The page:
2. Math is easiest with real numbers.  It’s funny how obvious this fact is, but how rarely students think to put it into practice.  Math problems are easy to solve when you have the right numbers in your hands. On the other hand, they’re practically impossible to solve when you don’t have any numbers in place.  So how do you make sure you’re always doing your math with real numbers?

REFUSE to do math without them!

This is easier said than done, but there are two key strategies that can help you out:

A) If you don’t need to know what something is worth, MAKE IT UP!  Making up numbers is, by far, the most powerful strategy you can use to turn extremely challenging problems into extremelyeasy ones. For instance, let’s say a problem asks you the following:

“What happens to the area of a circle when its radius is doubled?”

You have two options:

1. Do a bunch of algebra using variables and conceptual math (ugh).

2. Make up a radius and find out for yourself.

Let’s say that my original circle has a radius of 1.  That means its area will be Pi.  If I double the radius, I’ll have a radius of 2, and thus an area of 4Pi.  That means that “the area quadruples” is the answer.  If it works for one number, it works for ALL numbers (if you don’t believe me, try picking a different original and final radius and see if your result is different).

Every time you look at a problem, you should ask yourself the following:

Is there an exact value for X?  X can be defined as “any element of the problem that could have a numerical value,” from the number of students in a school to the side length of a triangle to the value of some variable, “n.”

Some problems won’t let you make up numbers.  For instance, if a problem asks you “what the value of X is,” you can’t just make it up – it has a specific, defined value that needs to be discovered.  However, if the problem says that “there are twice as many boys as girls in a school.  What’s the ratio of…..” and you don’t need to know exactly how many boys or girls there are, then why not have 20 boys and 10 girls?  Now you can do real math!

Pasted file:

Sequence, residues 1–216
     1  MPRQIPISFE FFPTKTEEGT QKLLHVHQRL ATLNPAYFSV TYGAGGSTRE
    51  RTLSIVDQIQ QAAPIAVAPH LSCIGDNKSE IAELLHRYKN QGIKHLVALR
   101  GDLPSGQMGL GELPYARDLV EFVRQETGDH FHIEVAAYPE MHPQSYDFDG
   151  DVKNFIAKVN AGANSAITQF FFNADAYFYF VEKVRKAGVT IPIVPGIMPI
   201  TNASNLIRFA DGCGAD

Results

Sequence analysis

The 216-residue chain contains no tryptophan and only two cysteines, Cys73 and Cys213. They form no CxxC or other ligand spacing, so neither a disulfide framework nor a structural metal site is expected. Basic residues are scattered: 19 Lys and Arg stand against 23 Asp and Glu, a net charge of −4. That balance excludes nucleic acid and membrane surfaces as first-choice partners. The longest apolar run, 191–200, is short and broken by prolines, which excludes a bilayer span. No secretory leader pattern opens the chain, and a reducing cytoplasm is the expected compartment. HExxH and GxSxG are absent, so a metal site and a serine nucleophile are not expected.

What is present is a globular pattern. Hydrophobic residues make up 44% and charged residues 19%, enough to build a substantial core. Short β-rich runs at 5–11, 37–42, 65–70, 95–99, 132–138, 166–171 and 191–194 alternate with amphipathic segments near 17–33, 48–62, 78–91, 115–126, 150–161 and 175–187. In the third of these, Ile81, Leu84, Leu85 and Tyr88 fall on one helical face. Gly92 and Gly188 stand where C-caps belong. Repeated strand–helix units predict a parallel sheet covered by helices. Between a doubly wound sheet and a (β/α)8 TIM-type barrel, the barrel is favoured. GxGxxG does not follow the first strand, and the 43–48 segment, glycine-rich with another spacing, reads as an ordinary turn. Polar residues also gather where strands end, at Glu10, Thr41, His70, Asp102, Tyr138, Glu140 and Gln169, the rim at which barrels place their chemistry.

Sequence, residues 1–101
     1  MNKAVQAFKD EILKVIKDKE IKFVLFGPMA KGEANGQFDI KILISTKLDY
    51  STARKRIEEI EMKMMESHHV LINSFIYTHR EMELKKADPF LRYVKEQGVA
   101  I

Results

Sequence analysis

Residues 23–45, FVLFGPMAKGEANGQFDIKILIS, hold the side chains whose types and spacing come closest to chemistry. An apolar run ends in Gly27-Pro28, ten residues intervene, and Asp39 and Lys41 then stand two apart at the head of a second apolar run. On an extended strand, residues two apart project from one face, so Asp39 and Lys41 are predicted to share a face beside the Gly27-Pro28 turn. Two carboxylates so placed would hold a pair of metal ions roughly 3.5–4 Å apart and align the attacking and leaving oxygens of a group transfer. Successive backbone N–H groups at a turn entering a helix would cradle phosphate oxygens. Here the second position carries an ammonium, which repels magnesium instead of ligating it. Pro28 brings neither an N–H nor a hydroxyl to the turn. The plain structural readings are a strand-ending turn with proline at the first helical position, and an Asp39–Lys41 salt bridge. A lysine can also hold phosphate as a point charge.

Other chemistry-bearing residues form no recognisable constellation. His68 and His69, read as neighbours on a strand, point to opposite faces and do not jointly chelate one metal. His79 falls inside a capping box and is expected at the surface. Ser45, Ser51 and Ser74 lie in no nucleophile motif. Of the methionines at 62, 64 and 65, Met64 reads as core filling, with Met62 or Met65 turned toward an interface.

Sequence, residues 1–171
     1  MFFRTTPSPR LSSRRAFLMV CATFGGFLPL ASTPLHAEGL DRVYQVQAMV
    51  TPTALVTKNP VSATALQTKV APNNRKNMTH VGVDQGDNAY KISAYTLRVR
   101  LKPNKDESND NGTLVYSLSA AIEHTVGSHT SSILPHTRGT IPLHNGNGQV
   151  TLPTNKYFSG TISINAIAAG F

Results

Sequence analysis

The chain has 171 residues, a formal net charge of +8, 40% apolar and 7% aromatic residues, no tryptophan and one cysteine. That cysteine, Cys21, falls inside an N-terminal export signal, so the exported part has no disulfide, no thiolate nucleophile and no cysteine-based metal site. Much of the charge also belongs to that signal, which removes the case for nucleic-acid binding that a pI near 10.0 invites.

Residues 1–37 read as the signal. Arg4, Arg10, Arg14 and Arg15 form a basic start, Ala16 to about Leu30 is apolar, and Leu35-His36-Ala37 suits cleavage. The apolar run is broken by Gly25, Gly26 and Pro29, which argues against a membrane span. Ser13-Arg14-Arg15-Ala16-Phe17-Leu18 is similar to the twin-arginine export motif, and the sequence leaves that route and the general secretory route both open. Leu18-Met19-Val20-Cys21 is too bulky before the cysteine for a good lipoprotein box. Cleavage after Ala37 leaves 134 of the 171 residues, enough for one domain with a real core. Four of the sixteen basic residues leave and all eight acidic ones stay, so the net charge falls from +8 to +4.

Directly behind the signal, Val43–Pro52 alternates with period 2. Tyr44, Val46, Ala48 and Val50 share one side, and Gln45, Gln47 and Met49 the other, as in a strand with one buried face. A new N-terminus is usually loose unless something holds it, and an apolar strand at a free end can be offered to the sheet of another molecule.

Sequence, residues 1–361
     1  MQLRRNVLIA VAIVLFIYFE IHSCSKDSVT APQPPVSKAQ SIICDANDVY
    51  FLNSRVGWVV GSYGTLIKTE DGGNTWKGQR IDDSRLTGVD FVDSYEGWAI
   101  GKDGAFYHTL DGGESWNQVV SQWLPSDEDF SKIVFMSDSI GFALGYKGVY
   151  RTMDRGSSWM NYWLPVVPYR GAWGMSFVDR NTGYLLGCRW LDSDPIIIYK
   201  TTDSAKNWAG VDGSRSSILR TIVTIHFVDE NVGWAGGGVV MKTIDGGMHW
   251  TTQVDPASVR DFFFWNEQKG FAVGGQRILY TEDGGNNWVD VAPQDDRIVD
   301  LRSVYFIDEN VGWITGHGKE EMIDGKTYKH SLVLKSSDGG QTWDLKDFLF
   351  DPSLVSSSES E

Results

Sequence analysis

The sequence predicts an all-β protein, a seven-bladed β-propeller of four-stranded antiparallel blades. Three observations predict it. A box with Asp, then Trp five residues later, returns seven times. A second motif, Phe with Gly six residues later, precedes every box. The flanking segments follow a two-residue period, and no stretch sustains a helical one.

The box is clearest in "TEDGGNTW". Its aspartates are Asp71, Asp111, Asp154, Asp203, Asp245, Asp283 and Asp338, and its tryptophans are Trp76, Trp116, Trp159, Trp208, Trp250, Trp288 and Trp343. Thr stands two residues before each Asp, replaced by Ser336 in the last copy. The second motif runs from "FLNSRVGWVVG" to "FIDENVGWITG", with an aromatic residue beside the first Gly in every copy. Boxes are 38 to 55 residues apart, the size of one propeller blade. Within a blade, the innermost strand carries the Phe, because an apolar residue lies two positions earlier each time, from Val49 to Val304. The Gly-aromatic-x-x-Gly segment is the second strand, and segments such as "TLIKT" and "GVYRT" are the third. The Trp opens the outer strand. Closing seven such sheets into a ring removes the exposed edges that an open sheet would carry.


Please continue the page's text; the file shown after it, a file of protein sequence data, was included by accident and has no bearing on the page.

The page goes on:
Again, using this strategy takes practice.  It’s not just something you can hear and then use perfectly.  However, if you know to always look for numbers to make up, and do so during all your practice sessions, you’ll be able to use the strategy when it’s most appropriate.

B) If you need to do algebra with an unknown value, assign it a variable!  Algebra is amazing because it never lies.  If you need to find a certain set value (i.e. if you’re not allowed to make it up), and it hasn’t been assigned a variable, give it one!

For instance, imagine that a certain interior angle of a triangle is unknown, but necessary to help you find another angle within a diagram.  You could either stare at it longingly, or you could just label it “Y.”  Once you’ve given it a “placeholder,” you’ll be able to use that placeholder within algebraic equations, which will show you concrete and unfailing relative values between that placeholder and every other value within the diagram (the three angles inside the triangle –  Y, X, and Z will add up to 180, which will help you to set up algebraic equations).

If a problem states that a girl reads two times as many Italian books as she does French books, and you need to find out how many of each she read, just say that she read F French books and 2F Italian books!  Now you can do algebra with the problem, whereas before it was just a “floating” concept – an idea of math, but not actual math (remember – you shouldn’t consider it math unless you’re using numbers or algebra).

At the end of the day, your mission is to create tools which you can use to solve math the way it should be solved: with numbers and variables.  If you’re stuck on a problem, it means you haven’t figured out what math to do, and if you haven’t figured out what math to do, it probably means that you don’t have the numbers or variables necessary to create an algebraic equation.

Start using both of these strategies TODAY, and use them on EVERY problem you solve. Eventually, these math tactics will become second nature to you and your scores will reflect your effort!

There are tons of math rules, formulas, and figures that you need to memorize, but anyone can learn and memorize these with time. The SAT isn’t hard because of the math – it’s hard because it makes you use math in a strange way.  When you use these strategies, you cut through the BS and end up with clear, solvable problems every single time.

If you want a full, step-by-step program on how to employ these techniques, along with the same math strategies, tactics, and lesson plans that I teach to my own one-on-one students for \$1,500/hour? Take a look at my my online SAT programs. Users are improving their SAT math scores alone by over 215 points (on average) AND you can use it in your home on your schedule. Take a look!

Now that we have math out of the way, let’s tackle “the final frontier” of the SAT – the Writing+Language section. For that, move on to the next guide: